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Bill would stop NH towns from banning short term rentals

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The debate in New Hampshire and across the country over whether cities and towns should allow AirBNB and other short term rental properties has been waging for years. This year, Sen. Jeb Bradley has proposed a bill that would require municipalities to allow short term rentals. While towns could mandate that vacation rental property owners register their houses as such, officials could not ban them entirely.  

AirBNB in New Hampshire 

Short term rentals have made headlines in recent years for stirring up controversy and even court action in New Hampshire. In September of last year, the New Hampshire Supreme Court ruled that one couple violated Portsmouth’s zoning regulations by operating a vacation rental in a residential zone. Other New Hampshire towns, including Canterbury, have also struggled with how to deal with short term rentals. 

Regulating “disorderly houses” 

Along with the requirement that towns allow vacation rentals, Sen. Bradley’s bill spells out how towns can deal with “disorderly houses.” The bill, SB 458, says that if police are called to a property more than three times, a town may rescind the owner’s registration for up to three months. Owners could also face a fine of up to $1,000.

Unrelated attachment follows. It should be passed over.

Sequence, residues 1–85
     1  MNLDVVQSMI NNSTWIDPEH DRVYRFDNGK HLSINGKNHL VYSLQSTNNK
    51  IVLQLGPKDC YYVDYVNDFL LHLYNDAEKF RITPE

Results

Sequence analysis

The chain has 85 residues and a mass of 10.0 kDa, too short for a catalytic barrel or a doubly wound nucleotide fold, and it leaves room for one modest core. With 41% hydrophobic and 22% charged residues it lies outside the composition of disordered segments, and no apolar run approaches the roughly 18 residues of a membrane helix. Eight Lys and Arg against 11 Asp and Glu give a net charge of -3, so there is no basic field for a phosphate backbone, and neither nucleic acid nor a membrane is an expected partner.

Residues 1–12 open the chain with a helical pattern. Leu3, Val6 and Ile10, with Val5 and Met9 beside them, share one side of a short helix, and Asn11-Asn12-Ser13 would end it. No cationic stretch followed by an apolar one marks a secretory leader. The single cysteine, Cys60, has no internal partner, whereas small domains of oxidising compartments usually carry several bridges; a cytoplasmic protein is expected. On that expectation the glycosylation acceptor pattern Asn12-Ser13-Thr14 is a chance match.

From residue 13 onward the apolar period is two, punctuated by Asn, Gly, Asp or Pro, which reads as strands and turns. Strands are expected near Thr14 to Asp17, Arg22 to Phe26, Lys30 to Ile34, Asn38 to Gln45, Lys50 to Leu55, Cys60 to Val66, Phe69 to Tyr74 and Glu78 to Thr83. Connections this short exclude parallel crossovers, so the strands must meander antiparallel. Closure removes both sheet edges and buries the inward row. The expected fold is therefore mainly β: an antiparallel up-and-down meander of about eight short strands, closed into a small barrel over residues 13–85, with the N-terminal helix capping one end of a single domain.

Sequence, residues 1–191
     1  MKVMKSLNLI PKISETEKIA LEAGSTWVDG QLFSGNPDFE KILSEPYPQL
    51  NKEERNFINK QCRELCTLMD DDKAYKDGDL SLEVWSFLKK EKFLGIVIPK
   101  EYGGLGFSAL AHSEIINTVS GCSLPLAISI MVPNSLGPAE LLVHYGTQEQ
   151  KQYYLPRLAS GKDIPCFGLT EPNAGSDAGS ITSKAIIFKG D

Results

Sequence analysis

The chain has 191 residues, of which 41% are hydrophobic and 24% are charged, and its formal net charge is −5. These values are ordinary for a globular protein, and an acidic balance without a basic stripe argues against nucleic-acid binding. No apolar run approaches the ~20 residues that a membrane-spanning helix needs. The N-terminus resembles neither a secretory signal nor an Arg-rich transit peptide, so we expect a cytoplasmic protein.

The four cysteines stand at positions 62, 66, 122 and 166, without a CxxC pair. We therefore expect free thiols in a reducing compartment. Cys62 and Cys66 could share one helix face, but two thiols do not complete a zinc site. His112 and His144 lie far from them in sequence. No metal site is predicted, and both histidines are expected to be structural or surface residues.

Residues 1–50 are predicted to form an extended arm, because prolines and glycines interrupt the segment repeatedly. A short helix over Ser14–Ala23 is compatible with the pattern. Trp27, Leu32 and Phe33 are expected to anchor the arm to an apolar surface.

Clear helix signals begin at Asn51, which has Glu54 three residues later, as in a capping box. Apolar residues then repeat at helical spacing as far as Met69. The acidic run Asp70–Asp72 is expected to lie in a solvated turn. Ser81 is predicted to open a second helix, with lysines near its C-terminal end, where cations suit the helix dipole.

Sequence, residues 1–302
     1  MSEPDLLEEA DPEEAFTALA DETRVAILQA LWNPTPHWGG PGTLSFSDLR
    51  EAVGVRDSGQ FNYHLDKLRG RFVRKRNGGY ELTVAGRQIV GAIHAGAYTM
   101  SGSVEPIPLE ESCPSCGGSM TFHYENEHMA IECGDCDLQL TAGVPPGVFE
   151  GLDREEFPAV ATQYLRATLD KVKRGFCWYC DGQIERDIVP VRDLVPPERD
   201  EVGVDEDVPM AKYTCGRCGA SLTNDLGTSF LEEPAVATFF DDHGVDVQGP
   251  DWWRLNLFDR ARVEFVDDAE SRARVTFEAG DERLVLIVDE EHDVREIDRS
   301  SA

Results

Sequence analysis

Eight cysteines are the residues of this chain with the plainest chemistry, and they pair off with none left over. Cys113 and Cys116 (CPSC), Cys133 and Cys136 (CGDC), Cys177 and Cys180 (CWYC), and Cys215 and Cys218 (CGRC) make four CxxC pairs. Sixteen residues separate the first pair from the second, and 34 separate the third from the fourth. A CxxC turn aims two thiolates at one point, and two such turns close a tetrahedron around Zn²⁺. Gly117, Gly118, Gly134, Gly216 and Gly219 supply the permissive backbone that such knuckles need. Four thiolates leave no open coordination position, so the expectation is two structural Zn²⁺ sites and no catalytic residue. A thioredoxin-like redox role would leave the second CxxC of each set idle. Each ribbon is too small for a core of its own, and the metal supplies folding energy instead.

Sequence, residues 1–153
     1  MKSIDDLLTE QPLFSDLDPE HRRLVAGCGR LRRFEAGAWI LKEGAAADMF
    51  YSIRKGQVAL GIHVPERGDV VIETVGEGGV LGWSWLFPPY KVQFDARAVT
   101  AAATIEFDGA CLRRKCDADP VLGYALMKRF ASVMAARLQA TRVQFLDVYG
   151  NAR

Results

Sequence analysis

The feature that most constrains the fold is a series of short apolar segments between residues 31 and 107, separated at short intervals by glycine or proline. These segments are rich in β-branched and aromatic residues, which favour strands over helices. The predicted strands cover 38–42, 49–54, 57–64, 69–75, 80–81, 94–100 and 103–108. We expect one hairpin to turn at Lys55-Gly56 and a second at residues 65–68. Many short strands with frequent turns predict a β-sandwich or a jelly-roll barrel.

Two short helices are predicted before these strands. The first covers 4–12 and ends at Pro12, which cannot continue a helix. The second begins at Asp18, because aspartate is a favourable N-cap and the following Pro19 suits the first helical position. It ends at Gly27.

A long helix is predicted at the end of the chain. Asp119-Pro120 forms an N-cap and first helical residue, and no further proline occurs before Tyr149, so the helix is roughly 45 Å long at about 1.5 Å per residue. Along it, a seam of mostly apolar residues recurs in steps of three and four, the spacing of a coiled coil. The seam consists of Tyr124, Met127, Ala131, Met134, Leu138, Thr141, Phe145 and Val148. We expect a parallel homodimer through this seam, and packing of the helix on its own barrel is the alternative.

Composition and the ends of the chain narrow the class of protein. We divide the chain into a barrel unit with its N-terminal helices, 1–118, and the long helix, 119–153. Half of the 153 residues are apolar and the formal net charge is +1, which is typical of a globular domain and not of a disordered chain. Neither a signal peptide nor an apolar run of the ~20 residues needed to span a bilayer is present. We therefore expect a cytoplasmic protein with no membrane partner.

Don’t restrict property owners 

Those in favor of SB 458 believe property owners should have the right to make their houses into short term rentals if they so choose without fearing that local government will interfere. New Hampshire knows how important tourism is to local economies. SB 458 would protect property owners against municipal red tape and encourage tourism dollars to flow to local communities. 

Do short term rentals do more harm than good? 

With the rise in popularity of AirBNB, municipalities have struggled to balance the desires of property owners with others in the community. Some fear that having too many of these properties in a neighborhood could have unintended consequences. Neighbors have no way of knowing who is renting out the property from one week to the next. Plus, vacationers are known for throwing parties in AirBNBs, which can disturb neighbors. Ultimately, a short term rental house is as much a business as a hotel or bed and breakfast, and towns should be allowed to zone such a house accordingly. 


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Short term rentals drive housing costs up. In a state where affordable housing is in short supply,I think local communities should be able to restrict them.


I do not see any correlation between short term rentals and its affect on "affordable housing"?

Kale eater

In the " Live Free Or Die " state, I should be able to do as I wish with my property, as long as I comply with common sense health and safety regulations.

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